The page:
DevSecOps series No 3 — Old-fashion issues in DevOps: Zip Bombs
Today I’ll talk about an old-new attack that can affect your production systems: a Zip bomb.
This concept is not new. Following Wikipedia first time Zip Bomb concept was mentioned was in 2001.
The idea of the Zip bomb is very simple. An attacker can create a special version of the Zip file. This special Zip file can’t be really uncompressed and a small zipped file can get even petabytes when the victim tries to uncompress.
As you can imagine, uncompress a file that takes Petabytes of your disk space is not a good business :)
Zip Bomb status
Currently, most zip programs can detect if a Zip file could be a potential Zip bomb, notice the user and prevent the decompression of the bomb:
Ok, this is nice. Then, what’s the problem?
In 2019, security researcher David Fifield was created a new version of Zip Bomb that works nowadays and is very complicate to be detected by programs that manage Zip files.
Zip Bomb and DevSecOps
At this point, you could think about what is the relation between Zip Bomb and DevSecOps. A priori, it sounds more like a hardening problem of the production systems, right? Sorry, but… no.
In the DevSecOps approach, one of the goals is automation and reducing the time to go to production from development. So, this implies that when you create an artefact from source code and progress it to the production stage usually it could (must!) be automatic.
Creating an artefact is not a magical process. Developers must set specific instructions to build it. These instructions will be executed by the C.I. system.
What would happen if a developer includes one step that creates a Zip Bomb and the C.I. system progresses it to production?
Zip files and production systems
Ok. We achieved to progress a Zip file to the production systems. But, why?
A lot of applications use Zip format as a way to package different files and content (For example, Microsoft Word Docx files are Zip files with a different extension).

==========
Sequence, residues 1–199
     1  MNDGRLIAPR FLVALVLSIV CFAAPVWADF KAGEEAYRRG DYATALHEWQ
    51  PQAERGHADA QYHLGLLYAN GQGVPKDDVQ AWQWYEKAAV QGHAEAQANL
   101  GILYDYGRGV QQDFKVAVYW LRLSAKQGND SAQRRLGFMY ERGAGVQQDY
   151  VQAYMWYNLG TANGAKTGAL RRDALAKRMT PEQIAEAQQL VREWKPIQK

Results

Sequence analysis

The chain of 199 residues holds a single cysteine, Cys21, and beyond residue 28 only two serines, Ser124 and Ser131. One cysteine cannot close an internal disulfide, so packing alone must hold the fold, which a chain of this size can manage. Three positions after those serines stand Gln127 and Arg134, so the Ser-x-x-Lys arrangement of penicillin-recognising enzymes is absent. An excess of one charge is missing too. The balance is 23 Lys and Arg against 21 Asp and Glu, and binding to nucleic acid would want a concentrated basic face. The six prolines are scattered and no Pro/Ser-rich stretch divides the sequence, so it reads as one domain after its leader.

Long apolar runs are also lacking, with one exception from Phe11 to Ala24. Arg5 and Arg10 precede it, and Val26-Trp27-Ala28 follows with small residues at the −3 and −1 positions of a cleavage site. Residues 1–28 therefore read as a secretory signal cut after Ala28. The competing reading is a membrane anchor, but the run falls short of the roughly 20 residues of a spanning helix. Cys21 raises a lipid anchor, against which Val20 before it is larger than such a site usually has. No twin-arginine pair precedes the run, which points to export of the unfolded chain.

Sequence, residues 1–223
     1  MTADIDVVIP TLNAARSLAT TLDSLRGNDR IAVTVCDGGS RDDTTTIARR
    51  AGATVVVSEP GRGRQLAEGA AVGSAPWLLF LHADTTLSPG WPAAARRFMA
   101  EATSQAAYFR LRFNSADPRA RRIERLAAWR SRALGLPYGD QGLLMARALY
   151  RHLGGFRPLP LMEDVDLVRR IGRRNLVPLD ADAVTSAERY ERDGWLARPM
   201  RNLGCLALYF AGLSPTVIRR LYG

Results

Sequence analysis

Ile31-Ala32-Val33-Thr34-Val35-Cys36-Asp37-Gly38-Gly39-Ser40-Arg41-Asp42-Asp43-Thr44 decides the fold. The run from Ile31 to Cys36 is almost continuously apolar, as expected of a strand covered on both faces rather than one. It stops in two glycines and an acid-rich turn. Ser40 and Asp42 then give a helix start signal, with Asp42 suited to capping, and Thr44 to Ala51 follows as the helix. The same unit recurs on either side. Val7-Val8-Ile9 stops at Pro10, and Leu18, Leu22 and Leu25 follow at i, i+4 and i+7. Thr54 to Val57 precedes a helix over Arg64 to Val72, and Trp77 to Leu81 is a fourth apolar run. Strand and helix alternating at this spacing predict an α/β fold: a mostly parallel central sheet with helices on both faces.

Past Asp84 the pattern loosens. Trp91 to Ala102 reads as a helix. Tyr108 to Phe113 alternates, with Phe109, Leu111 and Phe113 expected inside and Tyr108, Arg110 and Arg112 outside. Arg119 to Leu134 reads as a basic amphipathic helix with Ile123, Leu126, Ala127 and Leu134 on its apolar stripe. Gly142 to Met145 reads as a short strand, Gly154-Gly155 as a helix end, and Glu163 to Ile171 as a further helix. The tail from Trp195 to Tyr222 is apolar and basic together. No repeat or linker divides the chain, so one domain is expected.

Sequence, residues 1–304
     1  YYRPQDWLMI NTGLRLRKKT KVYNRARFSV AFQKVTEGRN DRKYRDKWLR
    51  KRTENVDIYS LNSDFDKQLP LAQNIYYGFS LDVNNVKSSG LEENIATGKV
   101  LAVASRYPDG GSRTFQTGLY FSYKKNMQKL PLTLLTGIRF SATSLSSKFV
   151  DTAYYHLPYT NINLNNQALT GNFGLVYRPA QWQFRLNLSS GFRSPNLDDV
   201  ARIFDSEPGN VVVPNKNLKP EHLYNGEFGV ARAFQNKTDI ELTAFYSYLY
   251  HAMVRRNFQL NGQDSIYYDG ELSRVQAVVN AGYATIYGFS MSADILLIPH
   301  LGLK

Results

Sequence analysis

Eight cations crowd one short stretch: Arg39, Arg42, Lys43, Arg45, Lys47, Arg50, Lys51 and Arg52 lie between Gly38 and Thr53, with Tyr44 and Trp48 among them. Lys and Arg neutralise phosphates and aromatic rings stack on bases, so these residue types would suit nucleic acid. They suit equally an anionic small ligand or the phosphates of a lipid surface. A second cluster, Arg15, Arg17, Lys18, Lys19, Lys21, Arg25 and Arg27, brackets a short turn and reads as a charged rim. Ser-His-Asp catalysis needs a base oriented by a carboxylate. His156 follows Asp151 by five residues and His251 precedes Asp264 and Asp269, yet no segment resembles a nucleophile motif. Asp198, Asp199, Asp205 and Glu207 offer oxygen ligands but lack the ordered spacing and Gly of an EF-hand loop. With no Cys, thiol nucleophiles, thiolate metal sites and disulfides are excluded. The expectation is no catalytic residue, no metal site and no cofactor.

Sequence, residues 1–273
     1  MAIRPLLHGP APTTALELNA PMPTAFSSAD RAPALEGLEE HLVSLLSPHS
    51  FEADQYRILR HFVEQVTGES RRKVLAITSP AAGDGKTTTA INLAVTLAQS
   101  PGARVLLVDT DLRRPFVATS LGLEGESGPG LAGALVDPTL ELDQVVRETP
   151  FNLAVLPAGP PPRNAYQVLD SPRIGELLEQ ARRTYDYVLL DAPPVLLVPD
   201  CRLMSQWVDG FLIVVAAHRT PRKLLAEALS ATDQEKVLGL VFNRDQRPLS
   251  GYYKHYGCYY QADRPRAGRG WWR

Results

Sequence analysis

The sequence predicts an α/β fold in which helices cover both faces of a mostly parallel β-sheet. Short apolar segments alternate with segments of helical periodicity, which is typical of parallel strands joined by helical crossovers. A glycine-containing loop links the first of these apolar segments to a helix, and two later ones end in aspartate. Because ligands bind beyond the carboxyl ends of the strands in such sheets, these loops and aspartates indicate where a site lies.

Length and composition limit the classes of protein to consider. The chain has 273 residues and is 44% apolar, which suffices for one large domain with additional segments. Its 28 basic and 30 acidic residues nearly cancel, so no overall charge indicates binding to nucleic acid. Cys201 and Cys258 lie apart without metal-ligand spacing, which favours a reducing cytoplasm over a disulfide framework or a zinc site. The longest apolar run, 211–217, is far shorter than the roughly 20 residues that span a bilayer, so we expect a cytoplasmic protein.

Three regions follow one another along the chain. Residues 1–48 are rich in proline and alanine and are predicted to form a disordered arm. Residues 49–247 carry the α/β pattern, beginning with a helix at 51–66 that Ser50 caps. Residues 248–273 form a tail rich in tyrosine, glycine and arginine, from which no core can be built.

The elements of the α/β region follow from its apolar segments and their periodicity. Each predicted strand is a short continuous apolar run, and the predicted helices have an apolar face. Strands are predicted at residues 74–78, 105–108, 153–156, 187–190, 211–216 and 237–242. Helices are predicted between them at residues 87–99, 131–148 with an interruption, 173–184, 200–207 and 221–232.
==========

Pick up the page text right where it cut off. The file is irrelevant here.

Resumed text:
Many web application servers use this approach too. For example, Apache Tomcat uses .war extension for a Zip packaged Java website.
Following the above example, when Tomcat wants to run a .war file the first step is to uncompress the .war file. At this moment, Tomcat could be vulnerable to Zip Bomb.
Demo — Apache Tomcat against Zip Bomb
For the demo we created a .Zip Bomb file and renamed as .war. This format was automatically deployed by Tomcat when is copied to some specific pre-configured directory.
We created a virtual machine using VirtualBox with the Tomcat and opened a console with three monitoring views:
- Disk space console view.
- Memory console view.
- CPU processes usage console view.
As you can see it in the picture:
Deploy Zip Bomb
Once we prepared monitors, we copy the Zip Bomb to the Tomcat directory:
Watching what happens
In the video, time was accelerated. At the top-right corner, you can see the actual time that was elapsed.
Finally, the virtual machine falls down.
We can extract some conclusions:
- Old-fashion attacks can be introduced when you try to automate processes and we want to remove manual checks.
- Fail fast is the goal in DevOps, and we must follow the same rules for DevSecOps. Some attacks traditionally considered that should be solved at hardening time could be complemented with a good security pipeline process.
- We must check building files and commands that create the resulting artifacts. Not only the source application code.
More posts about DevSecOps series
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